A Strap-Hanging, Low-Cost TGV by 2012?

Taking a leaf out of Ryanair’s book, France’s prestigious luxury high-speed Train à Grande Vitesse (TGV) is planning a charge-for-the-loos, standing-room only, strap-hanging, low-cost service from 2012.

Low-cost TGV service ahead? Here comes standing-room only, beer-and-sandwiches and cattle-class seating.

Ouf, not what the Paris-Cannes travelling set expects!

Describing “low cost” flights as a great success, the SNCF Board July 6 unveiled a plan to adopt a low-cost TGV policy and cash in on a strategy pioneered by the airlines .

So can we expect last minute web-based midnight auctions offering a single to Monaco for 1 euro — something the Irish operator does on many different routes? Umm … not quite, but the TGV operator does plan to run entire “low cost” trains and sell travel options in a way that maximises profitability for state railway operator SNCF.

The “low cost” at the heart of the strategy involves, says SNCF, structural changes to the trains “to accommodate a larger number of passengers” (code in all liklihood, for human freight in standing room only, after all Ryanair recently applied for a license to carry standing-only passengers)!

According to Le Monde one way SNCF proposes to optimize the number of seats squeezed into its down-market train is, sacre bleu, to remove the bar and dining car! SNCF says its current catering arrangements, where TGV onboard food service is outsourced, makes a hefty loss. Thus the low cost solution is to replace platters of foie gras and the best Sauternes with …. a cramped cheap seat plus a bring-your-own sandwich pack et voilà .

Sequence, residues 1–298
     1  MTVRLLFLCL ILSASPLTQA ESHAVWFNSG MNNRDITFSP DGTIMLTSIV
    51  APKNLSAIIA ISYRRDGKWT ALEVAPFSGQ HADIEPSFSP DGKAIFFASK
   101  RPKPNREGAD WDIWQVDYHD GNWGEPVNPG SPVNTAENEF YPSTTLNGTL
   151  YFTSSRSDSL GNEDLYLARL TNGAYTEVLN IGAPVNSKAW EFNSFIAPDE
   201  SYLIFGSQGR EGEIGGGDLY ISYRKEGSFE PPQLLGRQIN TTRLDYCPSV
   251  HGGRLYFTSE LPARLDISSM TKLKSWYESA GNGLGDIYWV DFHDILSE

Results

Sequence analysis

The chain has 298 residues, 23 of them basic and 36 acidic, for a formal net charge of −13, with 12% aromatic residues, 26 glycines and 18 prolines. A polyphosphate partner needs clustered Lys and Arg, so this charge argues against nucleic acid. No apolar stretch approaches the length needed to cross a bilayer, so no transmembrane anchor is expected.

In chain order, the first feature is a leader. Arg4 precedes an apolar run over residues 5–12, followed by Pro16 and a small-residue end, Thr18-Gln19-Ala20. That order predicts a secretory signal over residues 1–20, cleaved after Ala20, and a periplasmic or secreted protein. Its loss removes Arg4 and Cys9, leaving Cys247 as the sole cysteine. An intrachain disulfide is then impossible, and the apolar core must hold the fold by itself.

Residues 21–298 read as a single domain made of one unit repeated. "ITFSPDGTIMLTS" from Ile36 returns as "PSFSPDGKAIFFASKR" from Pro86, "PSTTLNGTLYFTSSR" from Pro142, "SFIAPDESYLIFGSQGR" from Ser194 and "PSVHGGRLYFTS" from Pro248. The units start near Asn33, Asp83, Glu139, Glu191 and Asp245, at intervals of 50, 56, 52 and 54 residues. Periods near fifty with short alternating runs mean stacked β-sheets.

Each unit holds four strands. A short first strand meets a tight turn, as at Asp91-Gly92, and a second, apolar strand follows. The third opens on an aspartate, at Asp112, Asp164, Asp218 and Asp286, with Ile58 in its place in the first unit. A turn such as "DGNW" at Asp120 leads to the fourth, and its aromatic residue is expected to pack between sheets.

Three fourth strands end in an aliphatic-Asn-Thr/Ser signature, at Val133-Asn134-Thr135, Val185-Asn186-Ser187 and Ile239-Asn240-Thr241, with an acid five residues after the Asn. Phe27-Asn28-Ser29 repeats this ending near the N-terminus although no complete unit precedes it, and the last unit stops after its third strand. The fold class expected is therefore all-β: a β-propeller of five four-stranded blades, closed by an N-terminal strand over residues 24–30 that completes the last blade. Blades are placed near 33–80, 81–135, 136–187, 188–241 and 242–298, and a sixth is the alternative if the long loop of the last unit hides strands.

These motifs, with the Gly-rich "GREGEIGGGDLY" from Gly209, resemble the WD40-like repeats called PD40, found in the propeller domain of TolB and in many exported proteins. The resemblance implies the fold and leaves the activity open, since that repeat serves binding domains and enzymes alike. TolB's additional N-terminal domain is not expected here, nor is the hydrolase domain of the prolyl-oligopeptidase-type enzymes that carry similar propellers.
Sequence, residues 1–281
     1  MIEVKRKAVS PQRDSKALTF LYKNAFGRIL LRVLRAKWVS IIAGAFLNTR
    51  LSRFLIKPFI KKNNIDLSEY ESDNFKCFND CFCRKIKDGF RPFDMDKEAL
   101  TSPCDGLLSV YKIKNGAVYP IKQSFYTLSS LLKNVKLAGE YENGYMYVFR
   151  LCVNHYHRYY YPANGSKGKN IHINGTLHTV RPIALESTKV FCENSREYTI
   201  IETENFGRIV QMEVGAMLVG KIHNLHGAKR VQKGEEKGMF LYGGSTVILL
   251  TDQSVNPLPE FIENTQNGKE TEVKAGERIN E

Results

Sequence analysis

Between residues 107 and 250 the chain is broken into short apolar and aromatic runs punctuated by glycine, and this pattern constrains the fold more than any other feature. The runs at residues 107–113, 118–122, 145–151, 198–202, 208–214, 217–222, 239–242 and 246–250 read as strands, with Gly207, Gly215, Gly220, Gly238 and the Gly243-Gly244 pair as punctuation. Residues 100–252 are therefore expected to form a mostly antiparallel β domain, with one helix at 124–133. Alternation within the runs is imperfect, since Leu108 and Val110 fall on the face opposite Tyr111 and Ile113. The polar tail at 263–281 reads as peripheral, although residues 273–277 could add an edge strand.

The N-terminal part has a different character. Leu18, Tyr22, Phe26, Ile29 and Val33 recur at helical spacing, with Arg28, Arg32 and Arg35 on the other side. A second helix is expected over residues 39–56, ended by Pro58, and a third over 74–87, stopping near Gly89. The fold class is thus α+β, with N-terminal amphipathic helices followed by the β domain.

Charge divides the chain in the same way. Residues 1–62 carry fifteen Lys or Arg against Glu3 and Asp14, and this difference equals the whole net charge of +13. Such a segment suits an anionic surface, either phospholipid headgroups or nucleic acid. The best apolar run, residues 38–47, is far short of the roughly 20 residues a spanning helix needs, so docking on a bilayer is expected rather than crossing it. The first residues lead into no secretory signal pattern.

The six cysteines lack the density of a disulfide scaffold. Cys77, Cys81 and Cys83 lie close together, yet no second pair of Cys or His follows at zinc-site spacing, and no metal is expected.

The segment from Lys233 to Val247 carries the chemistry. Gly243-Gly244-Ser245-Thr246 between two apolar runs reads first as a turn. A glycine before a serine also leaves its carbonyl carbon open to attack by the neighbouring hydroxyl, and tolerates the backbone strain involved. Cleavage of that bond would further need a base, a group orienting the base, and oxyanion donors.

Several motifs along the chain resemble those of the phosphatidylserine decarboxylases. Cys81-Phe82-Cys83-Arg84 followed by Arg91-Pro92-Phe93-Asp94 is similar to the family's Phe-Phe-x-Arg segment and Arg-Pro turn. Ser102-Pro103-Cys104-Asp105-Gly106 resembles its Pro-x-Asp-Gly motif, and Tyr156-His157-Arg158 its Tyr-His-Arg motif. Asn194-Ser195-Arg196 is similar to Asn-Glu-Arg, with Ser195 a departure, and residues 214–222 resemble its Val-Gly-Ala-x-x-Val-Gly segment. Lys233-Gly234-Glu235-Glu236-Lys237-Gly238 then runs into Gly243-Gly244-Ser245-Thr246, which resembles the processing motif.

And that is not all. Further savings will be achieved thanks to the Internet. Seats on “low cost” trains will only be sold as “e-tickets” reserved and paid for online. The passenger will print his own ticket and a bar code reader will validate the ticket on the platform before boarding, just as such machines currently validate normal train tickets everywhere in France. Thereafter, says SNCF, show your ID card and e-ticket to the controller and jump on board …. to join the scrum, although SNCF didn’t say the last bit!

Additional technology tricks involving booking via mobile phones are also in the pipeline. The high speed sardine train is designed to bring together groups of travellers already booking other TGV promotional tickets – and be in place by 2012. The company says the current price of an average TGV single trip is 42 euros on average but there are special offers on current luxury trains such as the good value Lille-Marseille round-trip at 19 euros.

But it is likely you can say farewell to the comforts of a luxury TGV and its haute cuisine diner for the 19 euros bargain once the sardine sandwich-pack version comes on stream.

SNCF hastens to add that none of this means the premium services end of the market is being abandoned. There are still “TGV-Pro” offers (book a taxi or a parking space with your ticket, special catering, access to luxury lounges in stations).

However new competition is looming and TGV is moving to meet the challenge. From 2011-2012 competition will arrive in the form of the Trenitalia-Chambery to Milan and Genoa-Paris-Marseille-Lyon-Paris, or Deutsche Bahn Paris-Brussels-London trains. These rivals will build on the quality of onboard service and probably also on an aggressive marketing policy.

TGV is ready …. at both ends of the market!

Video is of a record-breaking TGV trip. On the 3rd of April, RFF, ALSTOM and SNCF set a new world rail speed record of 574.8 km/h. Official website

Story: Ken Pottinger

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